An economy that works for all Tennesseans

Blount County is suffering because of Tennessee's restrictive state regulations and refusal to invest in small towns/rural communities. The result has been growing poverty and fewer opportunities. Too often, laws passed in Nashville are not designed to work for communities like Friendsville, or Maryville, or Louisville.   When the TN legislature passed a law preventing cities from developing their own housing solutions, they made it extremely difficult for Blount County to tackle our unaffordable housing crisis. By taking away our power to set a local minimum wage, they've prevented us from addressing growing rates of poverty all over the state. By stripping local governments of the right to create environmental protection policies, they're fueling the destruction of what makes Tennessee so beautiful and unique. Our Great Smoky Mountains bring in over 10 million visitors per year. Protecting our ecosystems is a win for our environment and economy!   Sadly, we know the system is broken, and our lawmakers aren't listening. Tennessee is refusing to spend $732 Million federal dollars given to Tennessee specifically to help Tennessee families who are experiencing temporary crises that involve managing child-care costs, transportation issues, and assistance getting a new job. Instead, they put the money in a "rainy day fund." Someone needs to tell the GOP monopoly that its already raining on so many people! Instead of doing something to address poverty, the legislature passed a law that imposed "work requirements" on single mothers struggling to get by.

"I’ll be a leader that puts Blount County first and makes sure that Nashville listens to us."

Healthcare for Tennessee

So many Tennesseans suffer from the rising cost of healthcare and prescription drugs. Working folks sometimes have to choose between medication and rent because they do not have access to affordable healthcare. It’s not right. Especially because there’s a simple solution proven throughout the country: Medicaid expansion.   If Tennessee expanded Medicaid, our federal tax dollars would flow back to us instead of going to other states like New York and California. We need our federal Medicaid dollars back because: -Tennessee still leads the country in medically related bankruptcies.   -13 rural hospitals have closed due to a lack of Medicaid funds, leaving residents in those areas without lifesaving options.   -In Tennessee, Medicaid is only able to help about 11% of people addicted to opiods. In Michigan 76% of people get treatment help for opioid addiction through Medicaid.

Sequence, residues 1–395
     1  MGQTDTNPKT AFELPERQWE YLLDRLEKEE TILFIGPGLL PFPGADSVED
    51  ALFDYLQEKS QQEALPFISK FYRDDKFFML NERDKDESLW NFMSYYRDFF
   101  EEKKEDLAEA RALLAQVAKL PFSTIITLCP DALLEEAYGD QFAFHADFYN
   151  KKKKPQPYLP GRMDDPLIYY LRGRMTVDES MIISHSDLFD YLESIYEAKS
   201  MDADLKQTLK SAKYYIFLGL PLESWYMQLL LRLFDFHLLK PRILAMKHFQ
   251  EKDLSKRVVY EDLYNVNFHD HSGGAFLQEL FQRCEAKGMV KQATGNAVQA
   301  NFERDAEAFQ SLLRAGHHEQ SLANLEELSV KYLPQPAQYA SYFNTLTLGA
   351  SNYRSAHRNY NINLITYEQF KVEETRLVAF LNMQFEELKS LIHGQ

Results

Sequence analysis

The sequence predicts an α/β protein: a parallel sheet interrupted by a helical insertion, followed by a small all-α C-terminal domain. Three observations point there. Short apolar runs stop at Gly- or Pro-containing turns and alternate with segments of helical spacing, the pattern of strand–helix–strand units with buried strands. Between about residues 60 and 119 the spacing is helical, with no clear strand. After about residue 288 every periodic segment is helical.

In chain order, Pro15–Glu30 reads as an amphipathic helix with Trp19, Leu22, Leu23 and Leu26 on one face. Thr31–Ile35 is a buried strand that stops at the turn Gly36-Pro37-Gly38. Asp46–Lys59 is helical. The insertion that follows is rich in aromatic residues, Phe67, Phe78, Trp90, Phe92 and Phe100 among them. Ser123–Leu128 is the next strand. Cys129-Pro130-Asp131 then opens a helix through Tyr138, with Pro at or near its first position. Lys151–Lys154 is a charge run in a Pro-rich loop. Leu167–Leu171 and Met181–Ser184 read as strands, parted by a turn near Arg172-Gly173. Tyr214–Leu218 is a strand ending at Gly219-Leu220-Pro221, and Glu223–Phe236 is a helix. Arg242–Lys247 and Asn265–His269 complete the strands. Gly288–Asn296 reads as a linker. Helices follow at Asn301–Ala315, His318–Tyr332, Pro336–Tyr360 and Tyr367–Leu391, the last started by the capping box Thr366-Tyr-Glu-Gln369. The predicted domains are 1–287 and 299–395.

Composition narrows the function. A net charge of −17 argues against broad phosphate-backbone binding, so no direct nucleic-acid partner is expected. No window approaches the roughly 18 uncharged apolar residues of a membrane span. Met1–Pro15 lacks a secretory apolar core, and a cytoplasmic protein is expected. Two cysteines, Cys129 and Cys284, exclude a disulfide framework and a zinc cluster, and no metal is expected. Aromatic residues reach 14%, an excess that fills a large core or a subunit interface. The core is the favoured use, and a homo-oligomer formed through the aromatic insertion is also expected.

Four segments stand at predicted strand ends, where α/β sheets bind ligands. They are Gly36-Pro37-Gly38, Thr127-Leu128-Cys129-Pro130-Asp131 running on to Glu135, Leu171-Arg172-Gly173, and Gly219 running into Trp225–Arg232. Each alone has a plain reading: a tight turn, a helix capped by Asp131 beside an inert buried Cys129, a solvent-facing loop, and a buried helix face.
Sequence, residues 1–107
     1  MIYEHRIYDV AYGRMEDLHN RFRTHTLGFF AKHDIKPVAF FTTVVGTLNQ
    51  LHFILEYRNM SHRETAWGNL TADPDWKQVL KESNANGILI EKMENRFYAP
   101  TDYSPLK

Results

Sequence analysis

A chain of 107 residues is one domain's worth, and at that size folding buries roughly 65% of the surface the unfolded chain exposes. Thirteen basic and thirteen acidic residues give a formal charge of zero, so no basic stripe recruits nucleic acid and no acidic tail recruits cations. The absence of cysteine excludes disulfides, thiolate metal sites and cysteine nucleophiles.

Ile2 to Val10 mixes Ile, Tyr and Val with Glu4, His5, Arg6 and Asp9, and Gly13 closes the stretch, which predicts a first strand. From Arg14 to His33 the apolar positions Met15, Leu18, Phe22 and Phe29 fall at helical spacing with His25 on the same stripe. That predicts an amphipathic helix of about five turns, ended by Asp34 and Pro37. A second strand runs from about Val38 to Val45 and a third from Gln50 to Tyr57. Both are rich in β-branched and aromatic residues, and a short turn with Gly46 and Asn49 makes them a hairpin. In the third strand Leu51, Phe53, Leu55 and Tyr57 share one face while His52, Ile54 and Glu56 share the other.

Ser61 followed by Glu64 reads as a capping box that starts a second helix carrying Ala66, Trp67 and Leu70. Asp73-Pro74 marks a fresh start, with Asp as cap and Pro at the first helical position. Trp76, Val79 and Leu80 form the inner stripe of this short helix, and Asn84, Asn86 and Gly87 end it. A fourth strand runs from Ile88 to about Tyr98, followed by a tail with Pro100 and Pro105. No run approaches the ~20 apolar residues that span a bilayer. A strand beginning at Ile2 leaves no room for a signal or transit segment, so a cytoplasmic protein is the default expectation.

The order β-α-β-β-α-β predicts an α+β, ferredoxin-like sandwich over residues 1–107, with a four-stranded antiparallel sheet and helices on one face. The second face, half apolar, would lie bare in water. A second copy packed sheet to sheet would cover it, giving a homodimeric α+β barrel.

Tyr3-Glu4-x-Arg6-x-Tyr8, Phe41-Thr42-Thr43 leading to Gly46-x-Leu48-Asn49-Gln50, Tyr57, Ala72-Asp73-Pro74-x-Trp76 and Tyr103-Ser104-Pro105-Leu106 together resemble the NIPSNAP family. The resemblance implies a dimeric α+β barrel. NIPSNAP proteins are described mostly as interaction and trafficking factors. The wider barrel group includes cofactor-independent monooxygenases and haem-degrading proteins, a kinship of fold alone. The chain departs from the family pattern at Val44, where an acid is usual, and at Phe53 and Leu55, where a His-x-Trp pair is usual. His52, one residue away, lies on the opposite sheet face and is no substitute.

Education for Tennessee

Education is the foundation for success. Public schools are the place where success can begin for all young Tennesseans. For such an essential function, Tennessee’s report card for public education puts us near failing. When it comes to funding public education we rank 45th in the nation in spending for schools. It’s no wonder we are facing a teacher shortage.   Most teachers and most Tennesseans oppose Governor Lee’s voucher bill. That's why I’ll work against the threat of vouchers eating into funds for public education. Now is the crucial time to stop the voucher virus from spreading. We must take action to keep public money directed to public schools.   Furthermore, Tennessee Teachers shouldn’t have to work multiple jobs to make ends meet, nor should they have to pay for classroom supplies with already-thin paychecks. Our teachers are hard-working and dedicated, going the extra mile despite being overworked and underpaid. Along with their expertise, our teachers give their time, energy, love and compassion. They are the reason our students here in Blount County succeed. When elected, I’ll push the legislature to restructure how Tennessee funds our public schools, raise teacher pay, restore collective bargaining rights, and end high-stakes testing.  

"When I get to Nashville, I will prioritize public education for our children & educators, because investing in education is an investment in our future."

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Have You Made A Plan To Vote?

Make your voice heard at the polls, starting with the State Primary on Tuesday, Aug. 6 (Early Voting: July 17-Aug 1). The General Election will be held on Tuesday, Nov. 3 (Early voting: October 14-29). The deadline to register to vote is Monday Oct. 5.